And we are still no closer to knowing who is going to chair that inquiry. Will it be a political hack, or someone neutral? Both have risks: a political hack shows the real agenda - to get Nxasana out - while someone neutral may well decide to recommend keeping him in office. And one would think it would be irrational for Zuma to have a National Director of Public Prosecutions in office who wants revenge.
But these are just two of the major issues of national importance, where Zuma has sat by and done nothing. Except that by delaying, he has actually acted.
Think of the Zuma spy tapes saga. There he, and the NPA he appears to control nominally, have done exactly the same thing. This is a case that has its roots in a decision by the NPA to withdraw charges against him in 2009, just weeks before that year's election. The DA went to court almost immediately to challenge the decision. To do that, they need the "record of decision" and therefore the recordings. And still Zuma will not let anyone hear them. This is where the logic gets odd. They are supposed to work in his favour. So it seems inexplicable that we cannot hear them.
This all happened before his first term. He's now in his second. It's amazing how well this strategy of eternal delays has worked for him.
It may seem that all of this relates only to issues that impact on Zuma directly. Not so. There is also the Khampepe report, the document that outlines the findings of the two judges, Judge Sisi Khampepe and Deputy Chief Justice Dikgang Moseneke, in Zimbabwe's elections in 2002. The Mail & Guardian went to court to get that report back in 2008. Six years later, they're still waiting. The Zuma administration has consistently refused to release it. And no, there is no cogent reason as to why. Zimbabwe has had other elections since then, so surely there's no point in not releasing it. But not to release it does seem to be consistent with Zuma's strategy of just resisting, keeping it secret, waiting for it to blow over, or for the complaining party to run out of money, or the media, and public, to just run out of patience and lose interest.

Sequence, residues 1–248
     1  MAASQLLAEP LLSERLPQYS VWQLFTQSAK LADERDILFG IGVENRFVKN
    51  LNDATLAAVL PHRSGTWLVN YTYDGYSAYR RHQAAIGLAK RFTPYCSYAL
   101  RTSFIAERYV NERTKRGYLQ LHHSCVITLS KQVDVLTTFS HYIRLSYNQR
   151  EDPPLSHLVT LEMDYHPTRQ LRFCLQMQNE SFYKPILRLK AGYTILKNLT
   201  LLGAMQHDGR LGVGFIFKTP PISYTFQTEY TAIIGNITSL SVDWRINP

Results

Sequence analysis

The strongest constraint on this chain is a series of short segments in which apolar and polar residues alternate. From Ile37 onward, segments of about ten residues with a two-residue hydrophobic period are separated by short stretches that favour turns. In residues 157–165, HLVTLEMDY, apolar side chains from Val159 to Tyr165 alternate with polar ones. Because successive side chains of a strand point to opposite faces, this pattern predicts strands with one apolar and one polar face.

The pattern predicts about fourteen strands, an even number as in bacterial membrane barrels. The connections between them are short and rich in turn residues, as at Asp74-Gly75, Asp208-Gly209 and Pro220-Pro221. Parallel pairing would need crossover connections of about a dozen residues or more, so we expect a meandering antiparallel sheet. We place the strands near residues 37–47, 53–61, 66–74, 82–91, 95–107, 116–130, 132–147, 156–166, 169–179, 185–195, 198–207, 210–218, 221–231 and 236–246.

When Zuma faced the corruption charges before becoming president, there was much talk of his "Stalingrad" legal strategy. To just resist everything. It worked in that the charges were withdrawn (perhaps through a stratagem that was more political than legal, but the legal strategy gave him time to get the political process working). It seems apparent now that he has taken that strategy with him into office. That word "Stalingrad" seems to symbolise so much about how he has acted as president.
But this doesn't mean that Zuma has actually won anything. All he has managed to do is to withstand the siege. He has managed to survive, and nothing else. This is a different situation to most political systems with a strong presidency. Normally you would expect the president to define events, to have the most important word in public opinion, to be an actor who helps shape events. That is not happening here. Instead, the president has allowed himself to be shaped by events. And the events that have shaped him have nothing to do with policy. Rather they have everything to do with how he became president in the first place.
This means that as a country, we are pretty much still where we were in 2009. Back then the question was whether Zuma was the right person to be president. In so many ways, it still is; as a result, the country is still stuck in a limbo of Zuma proportions.
Stephen Grootes is the host of the Midday Report on Talk Radio 702 and 567 CapeTalk, and the senior political correspondent for Eyewitness News. Follow him on Twitter: @StephenGrootes
This column first appeared on Daily Maverick.